Friday, October 29, 1999
should examine her own prejudices
Perhaps Ms. Satterthwaite falls prey to her personal prejudice in the midst of an earnest attempt to combat what she perceives as exclusivism. In her recent column Ms. Satterthwaite takes offense at words used by a candidate for Peachtree City Council who she leaves unnamed, but easily identifiable.
His first offense: use of the words lifelong Republican in a campaign mailing. She devotes her more forceful comments toward decrying his writing the following which appears in the Fayette/Coweta insert of the Atlanta Journal-Constitution: ...this community should have `one of their own' serving on City Council namely a married, average-income professional who is raising children in a Christian environment.... the leaders of the city should be an accurate reflection of the people who live here and who share the same values.
Ms. Satterthwaite writes that herein she hears code words: I hear exclusion. Then she goes beyond writing what she hears to confidently, and presumptuously, asserting to know the candidate's heart.
Ms. Satterthwaite starts six sentences with the words, You don't mean. In these sentences she portrays the candidate as opposing (among others) underpaid single moms, widowers, Chinese restaurateurs, disabled attorneys, Hispanics, Muslims, Buddhists, Jews and, probably Catholics. At least she qualifies the last charge.
So while we readers can figure the candidate guilty of ethnocentrism, classicism, anti-Semitism, and xenophobia; on the charge of being anti-Catholic, we can merely hold him suspect. Having found the candidate guilty of these crimes, Ms. Satterthwaite calls for voters who classify their race as black or other to exercise sentence by joining her at the polls on Nov. 2 to vote against him.
Taking the whole of Ms. Satterthwaite's opinion piece, she seems to value the virtues of community and inclusion; noting her admittedly admirable civic activism; lamenting the loss of common courtesy on the cartways; decrying an increased use of no trespassing signs.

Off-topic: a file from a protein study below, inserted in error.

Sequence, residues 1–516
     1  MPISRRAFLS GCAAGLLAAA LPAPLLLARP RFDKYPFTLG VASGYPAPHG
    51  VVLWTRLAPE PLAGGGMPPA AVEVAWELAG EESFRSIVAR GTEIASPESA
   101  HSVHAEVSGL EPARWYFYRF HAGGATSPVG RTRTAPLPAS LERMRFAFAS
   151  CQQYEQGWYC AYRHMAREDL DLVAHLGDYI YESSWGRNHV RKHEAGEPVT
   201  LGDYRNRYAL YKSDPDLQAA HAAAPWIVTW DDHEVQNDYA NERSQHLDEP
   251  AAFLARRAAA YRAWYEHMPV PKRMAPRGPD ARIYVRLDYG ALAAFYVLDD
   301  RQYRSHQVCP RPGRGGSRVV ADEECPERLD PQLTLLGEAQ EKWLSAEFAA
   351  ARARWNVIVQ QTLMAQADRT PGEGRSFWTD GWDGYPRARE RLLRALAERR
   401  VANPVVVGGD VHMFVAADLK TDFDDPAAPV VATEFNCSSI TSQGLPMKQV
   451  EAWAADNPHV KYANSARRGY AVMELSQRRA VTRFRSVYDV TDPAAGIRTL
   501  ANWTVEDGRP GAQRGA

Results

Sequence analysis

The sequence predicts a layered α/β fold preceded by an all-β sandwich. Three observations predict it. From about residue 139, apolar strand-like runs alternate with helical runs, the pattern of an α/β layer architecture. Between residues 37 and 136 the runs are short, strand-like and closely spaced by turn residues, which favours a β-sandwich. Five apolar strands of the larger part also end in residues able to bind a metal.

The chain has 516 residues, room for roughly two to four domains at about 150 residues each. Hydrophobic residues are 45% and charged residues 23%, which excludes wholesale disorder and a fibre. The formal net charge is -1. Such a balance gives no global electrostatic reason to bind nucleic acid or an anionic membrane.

While loving community, she negatively stereotypes a man rearing his family in our community. The sole basis for impugning this man's character his use of the words, lifelong Republican, and words which she interprets as containing code. Rather than taking these words at face value, she suspects evil intent. I dare assert that most readers did not view the same words as code requiring deciphering.
When the candidate writes of raising children in a Christian environment, some may understand that to mean that he tries to live by the words of a Jew spoken almost 2000 years ago: So in everything, do to others what you would have them do to you, for this sums up the Law and the Prophets (Matt 7:12 NIV). This Jew also quotes Leviticus 19:18 when saying that the second greatest commandment is to love our neighbor as ourselves; the greatest being the beginning of the Jewish Shema (Deut 6:5) to love God with all of our being (Matt 22:37-40).
Elsewhere (Luke 10:25-37) someone asks the Teacher who qualifies as a neighbor. He tells the story of thieves beating a man and leaving him half dead. Two members belonging to the higher socioeconomic class pass the wounded man without rendering aid. Only a member of a religious and ethnic minority largely despised by those hearing the lesson, a Samaritan the Good Samaritan bandages the traveler's wounds and pays for his recovery.
Do such teachings present a threat to inclusivity; to our pluralistic democracy? Of course my respect for these teachings may give me an unrealistic positive prejudice toward this candidate, yet when Ms. Satterthwaite presumes the worst possible connotation from this candidate's words one counter to their usual meaning she herself seems to behave illiberally. I have to ask her to examine her own heart to see if she might not have presumed and then published from prejudice.